DIRECTOR RICHARD GARNER REUNITES WITH FORMER GEORGIA SHAKES COHORTS FOR THE ALLIANCE’S ‘SHAKESPEARE IN LOVE,’ A HIGH COMEDY ABOUT A BARD WITH WRITER’S BLOCK.
“Shakespeare in Love” runs Aug. 30-Sept. 24 at Oglethorpe University’s Conant Performing Arts Center, part of the Alliance Theatre’s 2017/18 on-the-road season, necessitated by renovations at the Woodruff Arts Center. Tickets, details HERE
PARTING WITH GEORGIA SHAKESPEARE in 2014 was such sweet sorrow. That’s when the nonprofit professional company took its final bow after 29 years due to, one guess, financial difficulties.
But wait — what, ho? A reunion of sorts?
’Tis true. Director Richard Garner joins with a number of Georgia Shakes alums in staging the Alliance Theatre’s Shakespeare in Love, a romantic romp about the wacky world of playmaking. The 2014 script comes close to mirroring the 1998 Oscar-winning movie with Joseph Fiennes as Will and Gwyneth Paltrow as Viola, his cross-dressing muse.
Garner, co-founder and longtime artistic director of Georgia Shakespeare, returns to his former home at Oglethorpe University’s Conant Performing Arts Center to anchor this staging. He directs and plays the role of Henslowe, owner of the famed Rose Theatre.
Garner didn’t intend to direct and act. Acting means a larger time commitment, and in the three years since Georgia Shakes shuttered, he’s been in demand as a freelance director “without having to worry about paying anyone, thank God.”
But when Alliance artistic director Susan V. Booth director phoned and said he really ought to play Henslowe, he caved. “When she calls,” Garner says with a wry smile, “you know you’re a goner.”
Shakespeare in Love, which signals the start of the Alliance Theatre’s 49th mainstage season, is “a celebration of live theater itself,” Garner says. “That’s exactly what it is, along with a celebration of how artists in the theater work.” To embrace that, Garner says audiences will be in on the joke, witnessing backstage antics, actors getting into character and costumes, and collecting props.
The “dramatic comedy,” as it’s billed, premiered in London in 2014 to mostly positive reviews. The London Telegraph called it “the best British comedy since One Man, Two Guvnors (the last production ever staged at Georgia Shakespeare, by the way). As a play, the Telegraph said the story seemed “to have found its true home. It’s funny, often genuinely moving and generates a glow you could warm your hands by.”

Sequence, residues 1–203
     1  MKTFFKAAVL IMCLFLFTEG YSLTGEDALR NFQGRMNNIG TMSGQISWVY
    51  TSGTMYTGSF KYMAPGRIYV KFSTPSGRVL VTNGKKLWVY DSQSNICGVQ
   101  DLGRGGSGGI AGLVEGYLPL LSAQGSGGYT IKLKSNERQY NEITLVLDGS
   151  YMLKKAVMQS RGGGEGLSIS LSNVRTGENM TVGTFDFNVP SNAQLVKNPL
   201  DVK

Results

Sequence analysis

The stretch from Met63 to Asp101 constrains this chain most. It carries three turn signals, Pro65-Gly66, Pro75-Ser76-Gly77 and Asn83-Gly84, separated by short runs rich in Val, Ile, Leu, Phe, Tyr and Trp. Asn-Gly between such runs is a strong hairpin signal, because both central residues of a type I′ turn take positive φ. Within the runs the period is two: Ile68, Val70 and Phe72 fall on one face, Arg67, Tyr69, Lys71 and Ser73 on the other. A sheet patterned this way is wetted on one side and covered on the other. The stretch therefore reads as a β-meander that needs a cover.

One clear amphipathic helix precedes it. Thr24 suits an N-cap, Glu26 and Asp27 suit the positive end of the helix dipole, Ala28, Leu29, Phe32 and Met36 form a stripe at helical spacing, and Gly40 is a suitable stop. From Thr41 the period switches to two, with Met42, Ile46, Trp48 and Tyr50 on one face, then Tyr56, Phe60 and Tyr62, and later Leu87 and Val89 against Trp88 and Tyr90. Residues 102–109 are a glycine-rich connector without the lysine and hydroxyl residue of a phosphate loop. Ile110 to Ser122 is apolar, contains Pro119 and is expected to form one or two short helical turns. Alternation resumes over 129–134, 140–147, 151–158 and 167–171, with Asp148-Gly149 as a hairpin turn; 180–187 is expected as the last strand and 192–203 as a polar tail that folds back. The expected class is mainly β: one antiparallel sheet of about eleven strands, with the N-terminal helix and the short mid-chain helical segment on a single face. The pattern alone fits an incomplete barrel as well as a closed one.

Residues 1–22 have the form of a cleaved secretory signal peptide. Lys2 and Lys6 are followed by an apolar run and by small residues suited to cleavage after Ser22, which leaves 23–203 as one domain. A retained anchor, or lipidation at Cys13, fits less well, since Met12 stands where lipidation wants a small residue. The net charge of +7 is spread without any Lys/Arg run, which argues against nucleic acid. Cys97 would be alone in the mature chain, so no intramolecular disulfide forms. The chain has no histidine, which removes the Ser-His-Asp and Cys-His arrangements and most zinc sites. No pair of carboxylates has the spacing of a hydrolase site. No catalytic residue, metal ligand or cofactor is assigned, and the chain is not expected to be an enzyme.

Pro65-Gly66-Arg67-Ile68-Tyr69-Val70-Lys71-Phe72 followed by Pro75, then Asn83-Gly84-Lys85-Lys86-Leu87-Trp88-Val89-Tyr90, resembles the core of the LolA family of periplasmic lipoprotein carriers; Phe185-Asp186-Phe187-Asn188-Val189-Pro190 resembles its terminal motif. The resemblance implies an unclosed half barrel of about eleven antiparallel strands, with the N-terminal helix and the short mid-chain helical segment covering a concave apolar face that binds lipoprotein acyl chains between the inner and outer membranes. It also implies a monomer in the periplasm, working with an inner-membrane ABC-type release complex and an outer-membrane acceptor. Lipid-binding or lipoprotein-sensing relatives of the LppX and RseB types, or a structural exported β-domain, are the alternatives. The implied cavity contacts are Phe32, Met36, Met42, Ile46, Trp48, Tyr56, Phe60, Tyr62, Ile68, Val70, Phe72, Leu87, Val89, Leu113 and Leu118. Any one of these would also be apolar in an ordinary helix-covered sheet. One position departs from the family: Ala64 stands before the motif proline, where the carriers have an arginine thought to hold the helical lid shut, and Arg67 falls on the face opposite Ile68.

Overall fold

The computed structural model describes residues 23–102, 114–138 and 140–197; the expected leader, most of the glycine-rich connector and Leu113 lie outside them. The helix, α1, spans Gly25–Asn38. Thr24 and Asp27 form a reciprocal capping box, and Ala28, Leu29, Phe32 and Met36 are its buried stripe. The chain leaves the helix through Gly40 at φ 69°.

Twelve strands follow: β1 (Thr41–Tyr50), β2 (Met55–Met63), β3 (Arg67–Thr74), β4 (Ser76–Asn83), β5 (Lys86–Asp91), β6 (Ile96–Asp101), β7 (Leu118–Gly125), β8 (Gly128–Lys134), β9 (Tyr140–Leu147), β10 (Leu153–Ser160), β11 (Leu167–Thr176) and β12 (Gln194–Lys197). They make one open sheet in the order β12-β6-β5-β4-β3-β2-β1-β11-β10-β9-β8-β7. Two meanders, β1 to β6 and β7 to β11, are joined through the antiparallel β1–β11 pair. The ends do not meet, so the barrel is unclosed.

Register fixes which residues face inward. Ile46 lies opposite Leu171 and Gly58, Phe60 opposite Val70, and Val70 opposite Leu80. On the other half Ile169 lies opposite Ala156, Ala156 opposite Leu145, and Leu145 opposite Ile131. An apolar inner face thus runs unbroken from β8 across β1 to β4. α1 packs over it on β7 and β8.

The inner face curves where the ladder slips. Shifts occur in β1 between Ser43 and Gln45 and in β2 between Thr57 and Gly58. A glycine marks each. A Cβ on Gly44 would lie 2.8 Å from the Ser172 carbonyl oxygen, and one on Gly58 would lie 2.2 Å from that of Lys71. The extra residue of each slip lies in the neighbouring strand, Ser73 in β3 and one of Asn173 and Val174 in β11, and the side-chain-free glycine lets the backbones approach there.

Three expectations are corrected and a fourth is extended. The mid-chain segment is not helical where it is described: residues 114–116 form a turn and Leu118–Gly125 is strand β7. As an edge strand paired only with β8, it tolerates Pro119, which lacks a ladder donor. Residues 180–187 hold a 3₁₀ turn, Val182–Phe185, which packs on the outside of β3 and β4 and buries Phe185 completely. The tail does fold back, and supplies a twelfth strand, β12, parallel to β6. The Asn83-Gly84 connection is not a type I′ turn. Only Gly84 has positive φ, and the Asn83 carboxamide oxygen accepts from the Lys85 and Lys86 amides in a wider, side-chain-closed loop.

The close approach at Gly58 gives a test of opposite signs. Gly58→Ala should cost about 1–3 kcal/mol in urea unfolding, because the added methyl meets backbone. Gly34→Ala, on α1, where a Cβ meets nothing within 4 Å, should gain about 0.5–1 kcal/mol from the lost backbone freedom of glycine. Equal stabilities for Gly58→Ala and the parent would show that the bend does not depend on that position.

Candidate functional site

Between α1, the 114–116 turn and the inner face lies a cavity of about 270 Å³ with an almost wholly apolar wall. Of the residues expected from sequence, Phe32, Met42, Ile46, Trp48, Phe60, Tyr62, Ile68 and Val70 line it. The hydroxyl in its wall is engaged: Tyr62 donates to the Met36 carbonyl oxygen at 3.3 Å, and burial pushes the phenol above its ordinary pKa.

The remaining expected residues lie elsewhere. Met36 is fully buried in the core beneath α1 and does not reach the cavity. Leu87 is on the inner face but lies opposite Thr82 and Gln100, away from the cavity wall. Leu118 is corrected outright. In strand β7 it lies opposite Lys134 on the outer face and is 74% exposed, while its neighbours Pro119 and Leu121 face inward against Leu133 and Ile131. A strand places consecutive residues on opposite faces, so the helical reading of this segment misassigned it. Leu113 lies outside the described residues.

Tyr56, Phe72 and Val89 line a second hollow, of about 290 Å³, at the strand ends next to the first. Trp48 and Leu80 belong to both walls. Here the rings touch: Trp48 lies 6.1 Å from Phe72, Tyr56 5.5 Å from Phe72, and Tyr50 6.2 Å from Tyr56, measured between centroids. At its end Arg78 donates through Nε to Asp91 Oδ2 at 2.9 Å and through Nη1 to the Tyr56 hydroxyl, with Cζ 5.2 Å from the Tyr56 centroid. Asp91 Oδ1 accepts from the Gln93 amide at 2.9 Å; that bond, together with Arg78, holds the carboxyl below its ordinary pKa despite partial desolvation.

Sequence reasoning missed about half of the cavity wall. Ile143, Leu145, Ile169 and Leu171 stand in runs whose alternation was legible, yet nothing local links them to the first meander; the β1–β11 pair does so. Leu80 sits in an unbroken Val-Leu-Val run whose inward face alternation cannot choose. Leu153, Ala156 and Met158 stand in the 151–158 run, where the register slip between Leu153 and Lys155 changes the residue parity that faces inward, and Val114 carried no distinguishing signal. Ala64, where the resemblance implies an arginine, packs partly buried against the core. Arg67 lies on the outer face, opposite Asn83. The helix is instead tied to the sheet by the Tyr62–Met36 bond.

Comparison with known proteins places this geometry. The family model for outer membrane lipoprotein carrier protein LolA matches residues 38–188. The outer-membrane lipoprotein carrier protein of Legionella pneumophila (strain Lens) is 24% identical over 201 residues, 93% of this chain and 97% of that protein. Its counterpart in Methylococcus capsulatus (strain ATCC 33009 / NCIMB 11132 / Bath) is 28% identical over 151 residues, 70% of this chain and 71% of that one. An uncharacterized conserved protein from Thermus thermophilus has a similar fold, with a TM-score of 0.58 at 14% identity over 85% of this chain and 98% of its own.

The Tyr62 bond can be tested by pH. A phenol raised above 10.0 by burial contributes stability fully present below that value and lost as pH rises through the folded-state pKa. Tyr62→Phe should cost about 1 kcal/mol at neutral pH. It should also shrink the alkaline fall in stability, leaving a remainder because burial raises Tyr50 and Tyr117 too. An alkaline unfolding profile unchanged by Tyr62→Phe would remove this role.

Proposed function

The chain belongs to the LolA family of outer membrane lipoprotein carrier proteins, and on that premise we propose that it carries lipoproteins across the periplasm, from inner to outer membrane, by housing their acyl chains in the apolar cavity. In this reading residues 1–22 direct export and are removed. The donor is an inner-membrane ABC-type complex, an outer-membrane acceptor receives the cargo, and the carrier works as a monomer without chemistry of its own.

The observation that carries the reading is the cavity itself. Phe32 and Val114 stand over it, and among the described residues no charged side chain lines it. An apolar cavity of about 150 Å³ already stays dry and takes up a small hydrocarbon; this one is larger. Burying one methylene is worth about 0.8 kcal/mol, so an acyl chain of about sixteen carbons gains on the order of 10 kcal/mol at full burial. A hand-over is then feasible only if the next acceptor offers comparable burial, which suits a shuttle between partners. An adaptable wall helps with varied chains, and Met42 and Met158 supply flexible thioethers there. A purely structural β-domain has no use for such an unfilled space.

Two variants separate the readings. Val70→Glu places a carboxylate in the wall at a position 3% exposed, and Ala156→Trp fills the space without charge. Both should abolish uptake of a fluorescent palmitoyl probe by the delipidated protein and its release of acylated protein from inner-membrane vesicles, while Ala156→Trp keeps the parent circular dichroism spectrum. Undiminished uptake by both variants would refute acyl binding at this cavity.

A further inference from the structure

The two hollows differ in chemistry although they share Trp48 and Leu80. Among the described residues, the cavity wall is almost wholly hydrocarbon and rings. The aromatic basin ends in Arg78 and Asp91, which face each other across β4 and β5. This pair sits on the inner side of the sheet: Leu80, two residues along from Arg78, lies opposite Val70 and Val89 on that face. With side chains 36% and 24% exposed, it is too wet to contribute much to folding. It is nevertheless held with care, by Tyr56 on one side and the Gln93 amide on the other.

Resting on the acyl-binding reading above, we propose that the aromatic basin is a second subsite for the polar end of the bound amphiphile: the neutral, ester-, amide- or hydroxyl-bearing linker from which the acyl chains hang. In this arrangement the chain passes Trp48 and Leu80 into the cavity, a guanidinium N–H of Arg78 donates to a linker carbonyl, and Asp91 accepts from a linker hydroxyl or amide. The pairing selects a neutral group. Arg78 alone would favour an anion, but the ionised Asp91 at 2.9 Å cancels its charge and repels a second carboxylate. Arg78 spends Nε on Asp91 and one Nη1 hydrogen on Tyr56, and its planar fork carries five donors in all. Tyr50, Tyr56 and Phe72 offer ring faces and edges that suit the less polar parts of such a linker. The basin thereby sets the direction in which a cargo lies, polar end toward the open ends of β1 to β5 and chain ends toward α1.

The Alliance staging comes and goes as the play’s U.S. premiere continues at the Oregon Shakespeare Festival; it’s a popular title this season among regional theaters nationwide.
Garner saw the movie version almost 20 years ago.
“I was looking at it through the eyes of someone who produces Shakespeare,” he says. “I remember thinking, ‘This movie is about the best thing in the world for people who are on the fence about Shakespeare.’ It put a face on it, made him seem like a real guy.”
Shakespeare in Love doesn’t pretend to be serious history. It’s a spirited lark about theater people making theater in late 16th-century England. Icing on the cake: a script devilishly sprinkled with bits familiar even to casual fans of the bard. And it features a real, live canine, which prompt the actors to recall the show-biz adage “never work with animals or children.”
“When there’s a dog onstage,” Garner says, “you might as well forget it. Any actor will tell you.”
The Alliance is doing Shakespeare in Love with a cast of 21, with many actors playing multiple roles. Thomas Azar, whose credits include the California Shakespeare Theater, TheatreWorks and the Magic Theatre, all in California, is Will Shakespeare. Atlanta-based stage and film actor Bethany Anne Lind (Troubadour, One Flew Over the Cuckoo’s Nest, Edward Foote) is Viola. Their pairing excites Garner.
“Bethany’s a chameleon, and she’s fearless,” he says. He calls her Laura in Georgia Shakespeare’ 2011 Glass Menagerie “stunning.”
Lind and Azar didn’t meet until Shakespeare in Love auditions.
“Their reading together was sublime,” Garner says. “I mean, they really went off the high board.”
This staging means a reunion for Garner and many of his former Georgia Shakespeare cohorts, including Barrett Doyle, Allan Edwards, Neal A. Ghant, Chris Kayser, Tess Malis Kincaid and Joe Knezevich.
As rehearsals prepared to begin, he said: “I can’t wait to get back into the room with those folks.”